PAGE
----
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Shakespeare’s Will Shows a Woman Ahead of Her Time

Shakespeare’s Will Shows a Woman Ahead of Her Time
Tannis Kowalchuk

Tannis Kowalchuk Photo credit: Emily Hewit

Tannis Kowalchuk is Anne Hathaway in Shakespeare’s Will by Canadian playwright Vern Thiessen. Theissen, brought Of Human Bondage to life at Soulpepper last year.

Tannis Kowalchuk

Tannis Kowalchuk Photo credit: Emily Hewit

Very little is known about William Shakespeare’s personal life, except that he married Anne Hathaway. It is her story we hear about in Shakespeare’s Will.

The play starts as Shakespeare has just been buried. Anne has been asked to read the will of her husband, by his sister Joan, who she has never gotten along with. Joan has taunted Anne with the saying “he never forgot,” and Anne refuses to open the letter, instead, delving back to the past. We learn of the day she meets the 18-year-old, poor playwright at a fair in Shottery, a village just to the west of Stratford-upon-Avon, Warwickshire, England. Anne, who was 26, was promiscuous and took what she wanted. The two ended up in her father’s barn several times and she became pregnant. Though Anne’s father disapproved of the marriage, and it seems Shakespeare had cold feet (he was hours late to the wedding), the two exchanged vows. Theirs was an open marriage from the start. Shakespeare was soon asked to join an acting troupe and go to London to which Anne agrees. He is gone for most of the marriage, though he fathered two more children with her. Throughout it all, Anne is strong-willed and a rock.

Tannis Kowalchuk

Photo credit: Emily HewittTannis Kowalchuk is passionate and like a roaring lion as she sings in-between intervals of speech. This is a woman who would be organizing woman’s marches if she were alive today. She brings Anne to life in her full glory of how Thiessen sees her.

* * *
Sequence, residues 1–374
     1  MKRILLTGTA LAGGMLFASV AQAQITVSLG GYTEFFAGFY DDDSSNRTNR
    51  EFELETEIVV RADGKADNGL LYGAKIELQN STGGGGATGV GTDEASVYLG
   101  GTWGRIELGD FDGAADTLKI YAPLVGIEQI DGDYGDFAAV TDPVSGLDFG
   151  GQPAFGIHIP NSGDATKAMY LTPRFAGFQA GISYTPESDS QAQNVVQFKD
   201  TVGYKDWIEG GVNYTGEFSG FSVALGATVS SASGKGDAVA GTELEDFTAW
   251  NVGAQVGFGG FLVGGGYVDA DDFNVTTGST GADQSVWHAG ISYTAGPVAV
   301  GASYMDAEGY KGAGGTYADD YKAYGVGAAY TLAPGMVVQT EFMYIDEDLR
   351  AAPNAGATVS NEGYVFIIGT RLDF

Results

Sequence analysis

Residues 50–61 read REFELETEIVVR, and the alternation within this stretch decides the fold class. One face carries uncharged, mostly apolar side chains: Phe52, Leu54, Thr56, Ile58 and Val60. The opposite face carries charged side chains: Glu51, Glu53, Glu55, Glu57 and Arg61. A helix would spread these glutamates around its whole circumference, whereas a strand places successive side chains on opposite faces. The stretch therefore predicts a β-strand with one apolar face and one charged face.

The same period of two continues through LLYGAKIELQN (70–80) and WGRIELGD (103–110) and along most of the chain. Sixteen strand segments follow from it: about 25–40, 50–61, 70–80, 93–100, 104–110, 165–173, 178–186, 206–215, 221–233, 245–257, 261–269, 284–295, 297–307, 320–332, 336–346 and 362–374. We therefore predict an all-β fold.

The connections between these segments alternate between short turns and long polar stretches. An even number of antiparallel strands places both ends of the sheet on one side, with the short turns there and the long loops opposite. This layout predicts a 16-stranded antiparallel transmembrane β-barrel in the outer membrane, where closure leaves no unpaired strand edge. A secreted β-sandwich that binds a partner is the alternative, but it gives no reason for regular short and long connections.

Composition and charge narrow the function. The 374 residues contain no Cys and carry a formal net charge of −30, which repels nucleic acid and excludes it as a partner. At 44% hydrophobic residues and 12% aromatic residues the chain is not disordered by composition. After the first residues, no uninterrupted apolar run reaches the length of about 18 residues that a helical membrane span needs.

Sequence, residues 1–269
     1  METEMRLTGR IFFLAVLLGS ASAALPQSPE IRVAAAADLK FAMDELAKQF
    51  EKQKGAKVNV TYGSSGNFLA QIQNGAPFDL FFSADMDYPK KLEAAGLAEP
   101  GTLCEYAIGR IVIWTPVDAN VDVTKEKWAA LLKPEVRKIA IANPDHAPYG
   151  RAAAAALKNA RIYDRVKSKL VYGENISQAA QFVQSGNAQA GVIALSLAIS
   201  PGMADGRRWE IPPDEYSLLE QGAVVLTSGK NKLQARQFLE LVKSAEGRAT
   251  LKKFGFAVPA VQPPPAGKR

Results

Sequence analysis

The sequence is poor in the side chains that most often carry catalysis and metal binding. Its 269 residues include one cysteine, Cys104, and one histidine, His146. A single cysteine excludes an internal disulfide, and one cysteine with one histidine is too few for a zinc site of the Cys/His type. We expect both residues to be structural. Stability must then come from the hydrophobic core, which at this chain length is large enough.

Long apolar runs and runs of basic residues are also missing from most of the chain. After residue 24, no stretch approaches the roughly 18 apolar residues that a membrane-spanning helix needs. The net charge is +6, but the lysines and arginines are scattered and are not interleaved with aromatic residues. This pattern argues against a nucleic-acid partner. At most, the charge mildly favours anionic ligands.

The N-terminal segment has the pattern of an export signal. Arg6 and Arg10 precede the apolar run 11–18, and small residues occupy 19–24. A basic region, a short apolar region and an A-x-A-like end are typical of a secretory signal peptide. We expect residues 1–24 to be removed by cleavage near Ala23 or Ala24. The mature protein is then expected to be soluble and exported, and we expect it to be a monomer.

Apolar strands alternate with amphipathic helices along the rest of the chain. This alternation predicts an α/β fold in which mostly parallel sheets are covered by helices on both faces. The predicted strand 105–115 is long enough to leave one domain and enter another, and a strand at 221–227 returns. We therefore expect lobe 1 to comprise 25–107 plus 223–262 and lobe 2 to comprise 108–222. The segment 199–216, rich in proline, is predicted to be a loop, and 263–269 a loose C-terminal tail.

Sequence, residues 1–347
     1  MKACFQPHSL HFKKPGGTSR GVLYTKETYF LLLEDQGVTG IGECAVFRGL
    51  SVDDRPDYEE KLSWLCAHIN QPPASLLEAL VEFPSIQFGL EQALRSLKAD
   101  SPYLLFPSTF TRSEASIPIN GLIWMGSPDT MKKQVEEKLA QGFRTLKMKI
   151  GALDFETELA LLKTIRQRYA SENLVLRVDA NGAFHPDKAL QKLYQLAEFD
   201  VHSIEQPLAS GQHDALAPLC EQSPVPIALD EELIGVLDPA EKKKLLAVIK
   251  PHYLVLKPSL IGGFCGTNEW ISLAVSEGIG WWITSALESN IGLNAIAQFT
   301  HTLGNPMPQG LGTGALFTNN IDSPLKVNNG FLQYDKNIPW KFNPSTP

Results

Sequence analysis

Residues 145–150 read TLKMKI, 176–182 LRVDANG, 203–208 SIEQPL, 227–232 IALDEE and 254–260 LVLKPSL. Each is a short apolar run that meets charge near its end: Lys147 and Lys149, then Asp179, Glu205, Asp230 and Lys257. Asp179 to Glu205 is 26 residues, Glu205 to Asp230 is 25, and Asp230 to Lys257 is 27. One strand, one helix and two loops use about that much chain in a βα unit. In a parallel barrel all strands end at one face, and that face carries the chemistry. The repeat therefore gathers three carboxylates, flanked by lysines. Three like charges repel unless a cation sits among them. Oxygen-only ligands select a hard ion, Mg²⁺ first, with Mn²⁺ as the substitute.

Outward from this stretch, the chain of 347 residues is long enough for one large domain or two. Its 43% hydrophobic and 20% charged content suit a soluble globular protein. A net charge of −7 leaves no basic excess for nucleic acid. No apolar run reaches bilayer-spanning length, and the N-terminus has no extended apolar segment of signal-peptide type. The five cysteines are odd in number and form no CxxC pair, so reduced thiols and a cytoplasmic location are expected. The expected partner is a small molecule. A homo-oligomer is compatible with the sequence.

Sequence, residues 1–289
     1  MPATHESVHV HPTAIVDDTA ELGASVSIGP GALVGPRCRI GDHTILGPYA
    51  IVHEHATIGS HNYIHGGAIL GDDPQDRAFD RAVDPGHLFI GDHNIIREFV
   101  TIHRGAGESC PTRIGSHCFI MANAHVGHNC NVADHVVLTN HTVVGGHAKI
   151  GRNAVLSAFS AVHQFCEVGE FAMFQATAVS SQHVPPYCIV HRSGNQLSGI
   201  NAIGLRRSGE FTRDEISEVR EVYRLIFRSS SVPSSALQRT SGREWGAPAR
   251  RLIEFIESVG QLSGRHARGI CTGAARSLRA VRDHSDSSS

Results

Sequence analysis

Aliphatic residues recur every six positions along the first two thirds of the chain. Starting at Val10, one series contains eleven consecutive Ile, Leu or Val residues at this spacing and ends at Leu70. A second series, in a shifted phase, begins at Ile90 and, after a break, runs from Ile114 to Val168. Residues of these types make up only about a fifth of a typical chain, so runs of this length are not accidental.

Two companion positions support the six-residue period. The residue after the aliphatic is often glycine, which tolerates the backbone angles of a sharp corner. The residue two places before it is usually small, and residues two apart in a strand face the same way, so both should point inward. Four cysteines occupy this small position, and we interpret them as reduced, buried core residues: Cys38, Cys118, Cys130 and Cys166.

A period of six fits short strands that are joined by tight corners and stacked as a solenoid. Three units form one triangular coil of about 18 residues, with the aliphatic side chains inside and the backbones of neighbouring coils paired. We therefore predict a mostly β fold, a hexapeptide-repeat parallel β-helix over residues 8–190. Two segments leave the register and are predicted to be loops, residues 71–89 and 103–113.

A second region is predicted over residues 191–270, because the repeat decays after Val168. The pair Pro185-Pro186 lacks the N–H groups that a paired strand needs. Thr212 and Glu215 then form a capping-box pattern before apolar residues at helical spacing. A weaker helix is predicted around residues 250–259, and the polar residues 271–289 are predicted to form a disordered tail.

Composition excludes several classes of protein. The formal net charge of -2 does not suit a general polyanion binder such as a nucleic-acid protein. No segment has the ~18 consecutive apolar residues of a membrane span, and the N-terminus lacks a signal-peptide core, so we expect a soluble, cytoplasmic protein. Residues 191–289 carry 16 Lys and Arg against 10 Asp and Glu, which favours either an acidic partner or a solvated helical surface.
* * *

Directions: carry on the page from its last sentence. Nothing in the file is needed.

Mimi McGurl has directed this piece who flourish. Loosely based on the few historical facts known about the Bard, Anne, and their family life, in a sense it is hard to take this text to heart, as I just cannot see a woman of that era acting like she does. Also, I do not understand why when the marriage is breaking down in terms of communication, she does not go to England. Written in verse, it never seems so. Vern Thiessen has used Hathaway’s life “as a springboard for my own imagination and artistic goal – to explore the journey of a woman who faces adversity, rises above it and ultimately rekindles life in herself.” He succeeds in this.

The show is well produced with costumes by Karen Flood and music composed by Kurt Knuth and Rima Fand. Ms. Fand also accompanies the performance with live sound effects.

The mix of traditional English song with new musical compositions adds to the whole effect.

For Bard fans, women who are seeking empowerment, and those who love good acting, this show is a must.

Shakespeare’s Will: Presented by NACL Theatre at HERE Arts Center, 145 Sixth Avenue, through April 1st.

Off Broadway

Suzanna, co-owns and publishes the newspaper Times Square Chronicles or T2C. At one point a working actress, she has performed in numerous productions in film, TV, cabaret and theatre. She has performed at The New Orleans Jazz festival, The United Nations and Carnegie Hall. Currently she has a screenplay in the works, which she developed with her mentor and friend the late Arthur Herzog. She was the Broadway Informer on the all access cable TV Show “The New Yorkers,” soon to be “The Tourist Channel.” email: suzanna@t2conline.com

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